With respect to offset integrity, Kerry-Boxer makes accounting for offset reversals (when the anticipated amount of offsetting fails to occur) a key part of the bill; and unlike the Waxman-Markey bill, reversals are to be avoided and accounted for in all offset categories, not just biological sequestration. This is very important as it closes a huge loophole which could have destabilized the system and market. Though expanding the accounting for reversals to all offset categories, Kerry-Boxer does generally follow the lead of Waxman-Markey in dealing with offset reversals. Section 734(b) requires that the President require offset developers to either contribute offset reserve amounts to a central account registry equal to the probability of reversal times the total offset credit amount, or to hold insurance that would allow for the purchase of offset or emission allowance credits for any offset failure. The offset reserve option also features the requirement that the reserve be replenished by the project offset developer with half of the lost credits for an unintentional reversal or all of the lost offset credits if an intentional reversal. One could suppose that since unintentional reversals could be fully accounted for in the initial reserve requirements (since unintentional offsets should coincide with statistically likely failures) having a replacement of only one half of the loss would be more than sufficient to preserve the integrity of the system. The truth is that reversal probability calculations are so unknown at this time that we cannot be sure about the ratio of reserves to failures. Requiring a one-half replenishment might be more than sufficient or not enough. It is really a guess at this point, and though the statutory requirement of one-half is pretty specific, other provisions of the bill would allow the President to take actions to preserve the integrity of the required reductions.

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The bill also embraces the notion that offsets should not cause impacts on the environment or other important social interests in many different bill section
s. Just as in Waxman-Markey, the offsets advisory board, which is to make recommendations on offset categories, is to also give advice and recommendations to the President on “ways to improve or safeguard the environmental integrity of the programs.” (731(c)(6)). But in addition to considering environmental issues with respect to offset categories, the bill also requires the president to act (including rejecting individual projects) “to avoid or minimize, to the maximum extent practicable, adverse effects on human health or the environment resulting from the implementation of offset projects under this part.” (Sec. 732(c)). This gives the President or implementing agency authority to create regulations about environmental harms from offsets or reject offsets outright, and this is a very important recognition that offsets may create environmental or other harms. The President is also given broad leave to require that project developer’s applying for offset credit provide information about environmental or other effects of the offsets, by having a catchall phrase that the President can require all offset verification reports to have “any other information” that he believes necessary to fulfill the requirements of the Act. (736 (c)(6)).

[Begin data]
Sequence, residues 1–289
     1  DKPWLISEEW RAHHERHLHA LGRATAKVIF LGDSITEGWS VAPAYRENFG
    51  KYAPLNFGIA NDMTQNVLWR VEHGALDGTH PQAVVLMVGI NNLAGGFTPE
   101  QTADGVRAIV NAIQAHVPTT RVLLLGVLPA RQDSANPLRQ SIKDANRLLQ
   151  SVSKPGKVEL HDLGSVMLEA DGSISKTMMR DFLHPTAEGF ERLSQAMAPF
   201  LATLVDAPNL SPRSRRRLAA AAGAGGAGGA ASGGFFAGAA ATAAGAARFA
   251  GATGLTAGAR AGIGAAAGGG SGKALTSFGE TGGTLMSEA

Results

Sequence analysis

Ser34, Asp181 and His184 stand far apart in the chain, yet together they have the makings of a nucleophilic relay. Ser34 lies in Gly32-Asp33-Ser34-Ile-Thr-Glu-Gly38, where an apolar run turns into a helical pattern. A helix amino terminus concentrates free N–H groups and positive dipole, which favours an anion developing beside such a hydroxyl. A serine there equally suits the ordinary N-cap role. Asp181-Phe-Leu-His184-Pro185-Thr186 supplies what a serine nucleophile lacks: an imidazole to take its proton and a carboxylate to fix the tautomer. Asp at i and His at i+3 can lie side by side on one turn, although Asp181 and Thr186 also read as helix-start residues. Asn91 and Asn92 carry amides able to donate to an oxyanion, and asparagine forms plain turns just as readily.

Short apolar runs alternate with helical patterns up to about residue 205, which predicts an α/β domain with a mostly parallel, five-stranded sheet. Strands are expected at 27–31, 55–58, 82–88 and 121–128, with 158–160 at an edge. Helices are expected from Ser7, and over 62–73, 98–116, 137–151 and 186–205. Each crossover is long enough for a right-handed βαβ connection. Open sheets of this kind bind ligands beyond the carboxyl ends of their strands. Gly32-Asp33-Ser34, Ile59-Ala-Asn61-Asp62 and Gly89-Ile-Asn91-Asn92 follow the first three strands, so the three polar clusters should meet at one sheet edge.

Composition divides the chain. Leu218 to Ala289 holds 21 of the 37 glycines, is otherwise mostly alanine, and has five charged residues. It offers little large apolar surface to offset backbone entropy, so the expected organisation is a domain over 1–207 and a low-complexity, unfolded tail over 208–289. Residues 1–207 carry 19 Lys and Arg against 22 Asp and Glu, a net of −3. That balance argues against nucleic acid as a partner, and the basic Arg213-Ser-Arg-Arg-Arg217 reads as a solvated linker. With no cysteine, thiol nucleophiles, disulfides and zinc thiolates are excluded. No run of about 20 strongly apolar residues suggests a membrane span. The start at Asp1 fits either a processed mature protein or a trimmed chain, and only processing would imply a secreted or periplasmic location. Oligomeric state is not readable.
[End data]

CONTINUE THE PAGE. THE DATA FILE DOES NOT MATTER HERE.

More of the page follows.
With respect to the emissions allowance market, the offset parts of the bill have some positive attributes. It pulls back from the initial offering in Waxman-Markey of whole categories of already approved offsets (which the project developers wanted), replacing it with a requirement that the advisory board come up with the first set of categories within a year, but does then specify particular categories which the advisory board should consider. This basically ensures that the Advisory Board can approve these initial categories very easily without too much delay, which should increase the overall market liquidity. There is still the problem that the President is given power to assign offset reversal compensation to anyone (734(b)(1)), which means that in theory, the underlying inherent (not speculative) value of an offset could be decimated without warning, creating a toxic asset which could infect other commodity classes. However, when read with the other reversal provisions, which require insurance or reserves of the offset project developer, it seems unlikely that the holder of an offset would be required to account for reversals. Even if this is true, since it is so important to the market that holders of approved offsets do not bear the risk of arbitrary reversal, the bill should be changed to specifically hold only the offset developer responsible.

This bill comes a long way in ensuring integrity, recognizing relations to international systems (a provision requiring that forestry offset credits be able to meet international standards under the UNFCCC), and accounting for the important environmental impacts that offsets can cause. If it can make corrections to assist the market, this will be an excellent offset system to work with.

I have taken the liberty of changing “Boxer-Kerry” to “Kerry-Boxer” throughout this reposting.